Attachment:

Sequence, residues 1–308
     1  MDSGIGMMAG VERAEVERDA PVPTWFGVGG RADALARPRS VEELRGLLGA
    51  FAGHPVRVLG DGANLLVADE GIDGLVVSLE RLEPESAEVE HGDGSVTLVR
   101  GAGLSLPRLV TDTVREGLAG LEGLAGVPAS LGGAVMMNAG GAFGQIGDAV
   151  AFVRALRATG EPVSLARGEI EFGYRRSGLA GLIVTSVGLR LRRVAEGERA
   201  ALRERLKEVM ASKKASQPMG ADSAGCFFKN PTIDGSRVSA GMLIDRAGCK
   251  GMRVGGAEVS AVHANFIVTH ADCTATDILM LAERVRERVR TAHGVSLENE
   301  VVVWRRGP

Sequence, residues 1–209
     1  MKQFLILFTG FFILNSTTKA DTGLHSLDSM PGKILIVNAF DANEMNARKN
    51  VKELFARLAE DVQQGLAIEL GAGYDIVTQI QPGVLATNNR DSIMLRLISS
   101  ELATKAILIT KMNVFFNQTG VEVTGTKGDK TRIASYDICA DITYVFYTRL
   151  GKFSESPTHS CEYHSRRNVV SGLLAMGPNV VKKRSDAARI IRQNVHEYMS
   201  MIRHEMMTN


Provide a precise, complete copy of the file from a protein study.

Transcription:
Sequence, residues 1–308
     1  MDSGIGMMAG VERAEVERDA PVPTWFGVGG RADALARPRS VEELRGLLGA
    51  FAGHPVRVLG DGANLLVADE GIDGLVVSLE RLEPESAEVE HGDGSVTLVR
   101  GAGLSLPRLV TDTVREGLAG LEGLAGVPAS LGGAVMMNAG GAFGQIGDAV
   151  AFVRALRATG EPVSLARGEI EFGYRRSGLA GLIVTSVGLR LRRVAEGERA
   201  ALRERLKEVM ASKKASQPMG ADSAGCFFKN PTIDGSRVSA GMLIDRAGCK
   251  GMRVGGAEVS AVHANFIVTH ADCTATDILM LAERVRERVR TAHGVSLENE
   301  VVVWRRGP

Sequence, residues 1–209
     1  MKQFLILFTG FFILNSTTKA DTGLHSLDSM PGKILIVNAF DANEMNARKN
    51  VKELFARLAE DVQQGLAIEL GAGYDIVTQI QPGVLATNNR DSIMLRLISS
   101  ELATKAILIT KMNVFFNQTG VEVTGTKGDK TRIASYDICA DITYVFYTRL
   151  GKFSESPTHS CEYHSRRNVV SGLLAMGPNV VKKRSDAARI IRQNVHEYMS
   201  MIRHEMMTN